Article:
Vulnerability: Not for the Faint of Heart

09/09/2014 · 2 comments

in Moni Barrette, Vulnerability

LOFB - MoniAre all men weak because they own a pair of super sensitive balls, that everyone knows they can kick and probably bring the dude to his knees? Of course not!

Why then do we consider ourselves weak for showing other kinds of vulnerability? We need to see the strength in setting our personal boundaries out on Front Street so that people know what they are and that kicking them will have consequences.

In my day job as a public librarian, I deal with some scary shit. You probably wouldn’t expect that, but it’s true (seriously, my fellow librarians and I are considering writing a book). The other day, some enormous, gang-member looking lady went nuts on me, for no other reason except she was crazy that she didn’t like “That face…or that walk…I mean look at her, she’s such a bitch!”

The problem was, my own depression had been talking really loud that day. Those of you who suffer from it know what I mean. It was telling me all sorts of shitty things about my own self-worth. Add that to the fact that the insults Ms. Ghetto was throwing really triggered my inner teenage girl who had always been bullied because of the way that I walk (seriously, I have so many easier traits to pick on!).

Long story short, I handled her extremely well (if I do say so myself) but her antics had taken place in front of every single staff member on duty. I was mortified and felt like everyone else was enjoying my humiliation. The minute she was out the door I turned on my heel…and burst into tears.

Public crying is not my thing. I’m normally known for being a bad-ass, loud mouth bitch. In my nearly decade-long stint at this library, nobody had ever seen me act vulnerable, even in situations way worse than this one. And you know what? The response was amazing. When I thought nobody “had my back,” I found out it was only because they didn’t realize I wanted help. Showing my vulnerability led to better communication with the entire staff about what each of us needs from each other.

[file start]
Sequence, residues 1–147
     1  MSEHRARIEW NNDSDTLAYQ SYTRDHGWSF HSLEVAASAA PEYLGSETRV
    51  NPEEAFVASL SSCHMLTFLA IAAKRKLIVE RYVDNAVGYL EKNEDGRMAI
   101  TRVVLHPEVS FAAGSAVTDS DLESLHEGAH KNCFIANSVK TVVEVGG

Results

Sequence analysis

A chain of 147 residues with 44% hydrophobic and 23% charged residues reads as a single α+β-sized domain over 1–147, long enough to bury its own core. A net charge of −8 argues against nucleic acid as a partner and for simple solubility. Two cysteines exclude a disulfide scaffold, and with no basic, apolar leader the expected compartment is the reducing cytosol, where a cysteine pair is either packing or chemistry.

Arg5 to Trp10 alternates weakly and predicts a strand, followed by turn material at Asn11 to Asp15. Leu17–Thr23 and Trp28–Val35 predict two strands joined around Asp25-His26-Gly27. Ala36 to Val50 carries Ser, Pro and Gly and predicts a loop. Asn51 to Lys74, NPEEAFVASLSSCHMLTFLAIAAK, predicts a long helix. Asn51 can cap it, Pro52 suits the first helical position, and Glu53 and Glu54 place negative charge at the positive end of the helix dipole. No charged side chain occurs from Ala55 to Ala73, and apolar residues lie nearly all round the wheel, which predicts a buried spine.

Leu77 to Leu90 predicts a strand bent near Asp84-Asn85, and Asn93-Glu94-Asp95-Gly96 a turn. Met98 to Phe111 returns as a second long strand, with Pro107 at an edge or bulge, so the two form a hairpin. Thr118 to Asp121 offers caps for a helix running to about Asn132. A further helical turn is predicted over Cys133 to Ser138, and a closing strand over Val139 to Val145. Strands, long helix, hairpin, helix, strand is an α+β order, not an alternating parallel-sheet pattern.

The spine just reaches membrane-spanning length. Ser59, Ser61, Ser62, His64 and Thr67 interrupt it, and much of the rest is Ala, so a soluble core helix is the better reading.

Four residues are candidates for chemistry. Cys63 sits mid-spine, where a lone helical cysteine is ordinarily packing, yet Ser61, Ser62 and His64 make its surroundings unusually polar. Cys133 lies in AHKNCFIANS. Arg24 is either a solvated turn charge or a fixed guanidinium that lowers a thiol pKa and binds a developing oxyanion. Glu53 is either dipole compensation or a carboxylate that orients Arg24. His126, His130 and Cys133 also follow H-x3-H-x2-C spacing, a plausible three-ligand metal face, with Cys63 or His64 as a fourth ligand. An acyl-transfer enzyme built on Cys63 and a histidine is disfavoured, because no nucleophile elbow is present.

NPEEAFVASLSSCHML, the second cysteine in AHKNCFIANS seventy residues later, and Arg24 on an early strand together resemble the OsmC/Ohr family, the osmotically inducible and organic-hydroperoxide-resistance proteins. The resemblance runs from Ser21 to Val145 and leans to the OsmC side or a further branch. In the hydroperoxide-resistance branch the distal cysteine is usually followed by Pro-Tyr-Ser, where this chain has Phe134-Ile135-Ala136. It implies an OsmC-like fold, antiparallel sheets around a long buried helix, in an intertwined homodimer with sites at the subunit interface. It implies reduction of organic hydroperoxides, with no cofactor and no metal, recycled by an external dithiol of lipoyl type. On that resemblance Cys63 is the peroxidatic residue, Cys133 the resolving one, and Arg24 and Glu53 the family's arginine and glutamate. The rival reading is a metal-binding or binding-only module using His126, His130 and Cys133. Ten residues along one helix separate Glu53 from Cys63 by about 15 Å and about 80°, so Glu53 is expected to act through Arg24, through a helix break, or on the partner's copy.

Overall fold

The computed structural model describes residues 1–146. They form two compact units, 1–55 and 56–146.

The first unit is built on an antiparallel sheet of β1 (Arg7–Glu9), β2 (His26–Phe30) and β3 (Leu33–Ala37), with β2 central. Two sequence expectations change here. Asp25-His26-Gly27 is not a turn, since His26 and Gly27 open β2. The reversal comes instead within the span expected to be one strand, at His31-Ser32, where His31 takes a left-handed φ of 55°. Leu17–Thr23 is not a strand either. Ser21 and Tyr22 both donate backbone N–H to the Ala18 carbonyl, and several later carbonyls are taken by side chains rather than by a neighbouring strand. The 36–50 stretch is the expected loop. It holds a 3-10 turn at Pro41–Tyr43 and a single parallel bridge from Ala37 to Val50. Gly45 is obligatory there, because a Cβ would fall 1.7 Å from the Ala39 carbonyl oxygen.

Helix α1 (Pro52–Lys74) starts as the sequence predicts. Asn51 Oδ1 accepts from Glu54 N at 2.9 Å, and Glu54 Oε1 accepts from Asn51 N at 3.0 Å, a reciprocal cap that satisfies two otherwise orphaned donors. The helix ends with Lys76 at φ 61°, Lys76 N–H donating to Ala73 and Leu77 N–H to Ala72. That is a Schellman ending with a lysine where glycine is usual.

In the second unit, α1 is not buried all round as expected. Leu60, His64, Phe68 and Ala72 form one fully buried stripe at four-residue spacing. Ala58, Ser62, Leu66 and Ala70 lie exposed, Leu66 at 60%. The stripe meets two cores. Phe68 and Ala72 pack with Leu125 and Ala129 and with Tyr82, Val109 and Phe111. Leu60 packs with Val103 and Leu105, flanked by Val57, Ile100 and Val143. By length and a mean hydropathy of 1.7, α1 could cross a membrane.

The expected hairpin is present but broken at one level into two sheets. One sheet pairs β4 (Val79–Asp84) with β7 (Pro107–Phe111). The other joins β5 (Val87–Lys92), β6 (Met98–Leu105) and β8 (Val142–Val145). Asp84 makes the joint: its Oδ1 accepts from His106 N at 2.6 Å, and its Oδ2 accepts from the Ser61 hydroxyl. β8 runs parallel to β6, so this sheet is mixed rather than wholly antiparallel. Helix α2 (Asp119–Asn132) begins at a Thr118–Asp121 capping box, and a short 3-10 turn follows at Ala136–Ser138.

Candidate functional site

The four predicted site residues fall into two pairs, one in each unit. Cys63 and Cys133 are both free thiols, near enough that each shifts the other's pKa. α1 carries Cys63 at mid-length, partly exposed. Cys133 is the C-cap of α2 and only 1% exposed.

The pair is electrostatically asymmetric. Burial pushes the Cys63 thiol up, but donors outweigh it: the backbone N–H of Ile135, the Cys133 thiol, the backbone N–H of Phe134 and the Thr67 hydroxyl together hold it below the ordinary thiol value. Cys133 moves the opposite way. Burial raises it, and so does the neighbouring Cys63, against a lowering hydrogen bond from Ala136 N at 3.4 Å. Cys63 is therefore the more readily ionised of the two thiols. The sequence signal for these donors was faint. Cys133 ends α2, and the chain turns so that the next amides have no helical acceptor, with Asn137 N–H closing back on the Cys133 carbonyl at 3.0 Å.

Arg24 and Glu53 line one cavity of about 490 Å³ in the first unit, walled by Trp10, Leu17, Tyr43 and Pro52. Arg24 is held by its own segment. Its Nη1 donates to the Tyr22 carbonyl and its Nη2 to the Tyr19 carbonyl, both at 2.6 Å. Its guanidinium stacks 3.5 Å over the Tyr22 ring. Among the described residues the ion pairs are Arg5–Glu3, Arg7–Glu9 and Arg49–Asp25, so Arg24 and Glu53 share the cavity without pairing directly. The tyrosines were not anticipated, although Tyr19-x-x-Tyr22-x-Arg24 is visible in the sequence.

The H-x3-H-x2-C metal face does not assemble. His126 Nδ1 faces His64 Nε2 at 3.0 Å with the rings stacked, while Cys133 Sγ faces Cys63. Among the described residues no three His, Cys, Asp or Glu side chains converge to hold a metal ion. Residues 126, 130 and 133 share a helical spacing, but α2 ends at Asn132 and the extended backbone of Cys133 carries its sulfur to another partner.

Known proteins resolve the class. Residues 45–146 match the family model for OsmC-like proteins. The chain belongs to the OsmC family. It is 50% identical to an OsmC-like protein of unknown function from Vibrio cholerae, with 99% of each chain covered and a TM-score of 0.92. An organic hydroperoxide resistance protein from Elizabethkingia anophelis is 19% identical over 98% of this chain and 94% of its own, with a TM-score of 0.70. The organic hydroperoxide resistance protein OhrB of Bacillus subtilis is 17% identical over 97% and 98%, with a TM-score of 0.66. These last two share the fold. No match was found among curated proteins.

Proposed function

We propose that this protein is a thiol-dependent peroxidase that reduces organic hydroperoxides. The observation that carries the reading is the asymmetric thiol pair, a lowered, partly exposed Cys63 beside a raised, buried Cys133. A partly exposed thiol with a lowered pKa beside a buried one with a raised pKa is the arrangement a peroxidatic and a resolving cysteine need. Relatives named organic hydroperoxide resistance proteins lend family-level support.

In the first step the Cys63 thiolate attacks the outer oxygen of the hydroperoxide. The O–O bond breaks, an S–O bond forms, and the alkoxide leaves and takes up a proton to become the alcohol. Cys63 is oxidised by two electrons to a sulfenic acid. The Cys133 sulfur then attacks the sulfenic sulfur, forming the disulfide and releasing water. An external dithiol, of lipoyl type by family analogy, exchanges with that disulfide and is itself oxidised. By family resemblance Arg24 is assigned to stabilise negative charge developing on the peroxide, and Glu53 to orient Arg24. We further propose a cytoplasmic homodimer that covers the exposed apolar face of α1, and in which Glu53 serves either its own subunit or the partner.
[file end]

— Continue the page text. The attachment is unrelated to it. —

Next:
Not that we all grabbed guitars and sang fucking ”Kumbaya,” but you get the picture.

The same thing happened when our fabulous Noa showed her own vulnerable side recently. With all the trolls on the Internet, that could’ve gone seriously sideways. Instead, we got to restore just a smidge of our faith in humanity.

We need to let our guard down, every once in awhile, to prove that we are still human. Like shouting tagging in a friend when we’ve had enough, or walking into cage match fights without wearing a cup. Wait, scratch that last one. That’s not good. Unless you don’t want to have babies, in which case free birth control.

You know what, though? I haven’t been completely honest: I am a bit embarrassed that people I work with every day saw me break down like that, but what is the worst that could’ve happened? Even if it hadn’t turned out well, I will borrow another quote from Noa and say: “Fuck it, I’ll do better next time.”

About Moni:

I am a mommy, writer, and librarian extraordinaire. I love reading and writing, and reading about writing, but find that numbers are hard.

When I’m not being wordy, I can usually be found with my family, which includes my daughter, Chuckles the Warrior Princess, Duke, the shiba inu/criminal mastermind, and long-suffering Hubby Joe; or rolling around on the floor with strangers under the guise of practicing Brazilian jiu jitsu. Oh, and being serenaded with the song “Mony Mony” by Billy Idol himself, which is a true story that actually happened because the connection we share is real.

Linda G. September 10, 2014 at 2:47 pm

Loved this post Moni! I admire you for handling the Ghetto Bitch the way you did, but even more so for showing your vulnerable side. Don’t worry about showing that side of you to your co-workers, I’m sure they admire you even more now!

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